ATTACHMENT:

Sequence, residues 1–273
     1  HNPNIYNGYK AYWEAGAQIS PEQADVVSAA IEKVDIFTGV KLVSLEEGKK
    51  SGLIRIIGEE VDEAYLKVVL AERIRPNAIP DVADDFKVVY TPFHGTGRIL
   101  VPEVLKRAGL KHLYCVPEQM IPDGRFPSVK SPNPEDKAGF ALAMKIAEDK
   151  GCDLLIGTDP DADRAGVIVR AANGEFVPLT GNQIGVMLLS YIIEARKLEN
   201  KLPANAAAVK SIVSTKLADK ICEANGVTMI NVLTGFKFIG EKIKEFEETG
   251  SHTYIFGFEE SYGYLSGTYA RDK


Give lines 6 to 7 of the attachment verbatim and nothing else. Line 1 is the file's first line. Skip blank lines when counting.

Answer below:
   201  KLPANAAAVK SIVSTKLADK ICEANGVTMI NVLTGFKFIG EKIKEFEETG
   251  SHTYIFGFEE SYGYLSGTYA RDK